Networking often proves to be a powerful way for individuals to extend their knowledge, opportunities, and connections. How can we build networks so that they benefit us and our partners? In our August AWIS webinar, Alaina G. Levine, president of Quantum Success Solutions, STEM career coach, and science writer, emphasized that generosity is foundational to a strong network because it results in win-win partnerships.
Levine shared her personal experiences and thoughts about why generosity can be integral to expanding our networks. She emphasized that if we are willing to share skills and knowledge with other people, they will likely want to help us. She also provided strategies for how to search for potential collaborators and how to build mutually beneficial partnerships with professionals. The following points are key highlights from this webinar.
Look for Hidden Professional Opportunities
Levine mentioned that networking provides access to approximately 90% of jobs, opportunities, collaborations, and grants. However, networking is not the focus or official discussion at a conference: rather, it consists of the personal relationships and experiences that enrich not only your career but also your life. Her advice is to talk to everyone. Ask your connections, “Whom in your network would you feel comfortable introducing me to?” It’s also okay to conduct informational interviews where you can explore potential collaborations.
Listen for Pain Points
Ask others, “How can my background help you?” Levine gave an example of a professor of particle physics who landed his ideal job at Campbell Soup Company by offering the employer an optical sorting technique for identifying mushrooms. She encourages women who want to improve their careers to view networking not as a forced activity but rather as a genuine relationship-building opportunity and as a possible means of creating a foundation for a win-win work environment.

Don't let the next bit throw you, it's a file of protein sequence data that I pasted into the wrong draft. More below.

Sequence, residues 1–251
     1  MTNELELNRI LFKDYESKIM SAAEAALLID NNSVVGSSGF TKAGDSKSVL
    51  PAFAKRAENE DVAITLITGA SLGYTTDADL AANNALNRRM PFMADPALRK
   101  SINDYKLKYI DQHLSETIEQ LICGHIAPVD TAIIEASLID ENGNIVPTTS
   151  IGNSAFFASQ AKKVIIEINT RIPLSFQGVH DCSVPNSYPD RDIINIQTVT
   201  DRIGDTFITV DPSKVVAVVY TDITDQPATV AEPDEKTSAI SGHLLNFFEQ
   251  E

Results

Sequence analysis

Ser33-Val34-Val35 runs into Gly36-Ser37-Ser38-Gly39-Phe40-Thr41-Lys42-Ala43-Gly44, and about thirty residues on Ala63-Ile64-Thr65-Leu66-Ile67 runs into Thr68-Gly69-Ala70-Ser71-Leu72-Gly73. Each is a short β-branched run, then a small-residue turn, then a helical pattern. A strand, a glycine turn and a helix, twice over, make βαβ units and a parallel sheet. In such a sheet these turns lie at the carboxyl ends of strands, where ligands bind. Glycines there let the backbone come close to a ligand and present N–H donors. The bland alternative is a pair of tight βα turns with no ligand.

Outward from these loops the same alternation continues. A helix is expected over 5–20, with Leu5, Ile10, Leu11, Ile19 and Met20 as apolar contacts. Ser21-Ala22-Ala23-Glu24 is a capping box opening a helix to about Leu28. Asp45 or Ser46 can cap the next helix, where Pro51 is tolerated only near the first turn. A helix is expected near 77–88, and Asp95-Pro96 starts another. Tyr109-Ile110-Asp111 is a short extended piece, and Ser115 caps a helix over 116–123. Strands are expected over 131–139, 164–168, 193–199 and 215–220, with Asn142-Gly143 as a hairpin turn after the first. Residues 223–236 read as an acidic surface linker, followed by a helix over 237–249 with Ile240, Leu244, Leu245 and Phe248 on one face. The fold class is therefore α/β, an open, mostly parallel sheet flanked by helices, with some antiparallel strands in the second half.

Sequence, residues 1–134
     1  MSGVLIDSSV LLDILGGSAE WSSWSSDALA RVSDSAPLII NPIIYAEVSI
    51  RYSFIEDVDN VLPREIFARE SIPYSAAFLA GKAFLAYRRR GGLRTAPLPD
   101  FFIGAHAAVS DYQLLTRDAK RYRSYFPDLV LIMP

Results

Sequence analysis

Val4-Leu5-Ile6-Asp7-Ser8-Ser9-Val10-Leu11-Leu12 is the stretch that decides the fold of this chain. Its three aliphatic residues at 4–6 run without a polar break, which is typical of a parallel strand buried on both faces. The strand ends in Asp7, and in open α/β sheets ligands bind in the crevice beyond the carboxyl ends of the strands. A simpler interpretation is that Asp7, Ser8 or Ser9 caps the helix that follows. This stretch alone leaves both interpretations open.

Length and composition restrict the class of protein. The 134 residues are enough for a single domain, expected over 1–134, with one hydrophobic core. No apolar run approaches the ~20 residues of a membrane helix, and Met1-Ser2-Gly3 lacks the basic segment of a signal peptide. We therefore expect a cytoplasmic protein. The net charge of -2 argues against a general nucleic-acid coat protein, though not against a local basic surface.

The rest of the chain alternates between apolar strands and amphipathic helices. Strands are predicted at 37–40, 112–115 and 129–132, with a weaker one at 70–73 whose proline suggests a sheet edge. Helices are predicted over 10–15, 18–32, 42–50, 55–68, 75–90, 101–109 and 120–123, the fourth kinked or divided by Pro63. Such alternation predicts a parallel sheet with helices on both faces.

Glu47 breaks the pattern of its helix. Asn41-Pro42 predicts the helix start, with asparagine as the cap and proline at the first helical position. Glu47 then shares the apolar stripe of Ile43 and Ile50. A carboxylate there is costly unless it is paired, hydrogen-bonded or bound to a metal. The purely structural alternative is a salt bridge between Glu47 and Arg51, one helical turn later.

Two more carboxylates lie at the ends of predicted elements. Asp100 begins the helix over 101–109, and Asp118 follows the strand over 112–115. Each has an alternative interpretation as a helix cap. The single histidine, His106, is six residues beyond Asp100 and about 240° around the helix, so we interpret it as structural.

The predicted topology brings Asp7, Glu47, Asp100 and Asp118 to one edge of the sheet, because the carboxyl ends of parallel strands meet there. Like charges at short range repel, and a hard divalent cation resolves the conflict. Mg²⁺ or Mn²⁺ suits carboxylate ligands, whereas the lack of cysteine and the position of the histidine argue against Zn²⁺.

Ask others, “How can my background help you?” Levine gave an example of a professor of particle physics who landed his ideal job at Campbell Soup Company by offering the employer an optical sorting technique for identifying mushrooms.
Create Your Unicorn Career
According to Levine, a “unicorn career” is one that is customized, individually designed, and personally implemented. She believes that when you work to develop your unicorn career, you should focus on three crucial elements: your passions, your values, and your objectives. What skills do you enjoy using? What tasks do you enjoy doing? What do you love to experience? When you have identified these three elements, tell potential employers how your passions, values, and objectives can help them. This approach can open doors for everyone to succeed. For example, listen for gaps in the system or for unsolved problems in the company and then communicate how your skills and abilities can help solve these issues. In this way, you can suggest ideas that will help both you and the company to thrive.
Follow This Networking Formula
To network effectively, you need a strategy. Levine shared three powerful ones.
- Identify contacts: Leverage the idea of six degrees of separation. You already belong to many networks (friends, associations, etc.), and your job-search network can be a natural outgrowth from these primary contacts since each such person may know of an available job.
- Reach out and converse: Once you have a list of potential collaborators, you can reach out informally and engage them in conversations about your genuine interest in their work. You can first help them by sharing information or by making a recommendation before asking anything in return. Such a conversation could lead to potential collaboration and to promotion of your own skills.
- Build relationships: Building a strong relationship with a professional network is about identifying mutual benefits. You can signal your helpfulness as a partner by sending a thank you note that describes your willingness to assist the network; by directly lending your support to a project; or by sharing new information about yourself and your abilities in an email.
Levine concluded the webinar by emphasizing that it is crucial to keep an open mind, to respect cultural differences, and to always follow up to show that you value the professionals in your network.
AWIS members can watch the replay or visit alainalevine.com for links to her other popular keynotes. Levine also offers coaching services and consulting for organizations looking to attract, retain, and grow talent.
Shruti Shrestha is an assistant teaching professor of physics at Penn State Brandywine. She is a particle physicist who worked on the High Voltage Monolithic Active Pixel sensor for the Mu3e Experiment. She also conducts free STEM workshops in the Philadelphia area to empower girls to pursue STEM degrees.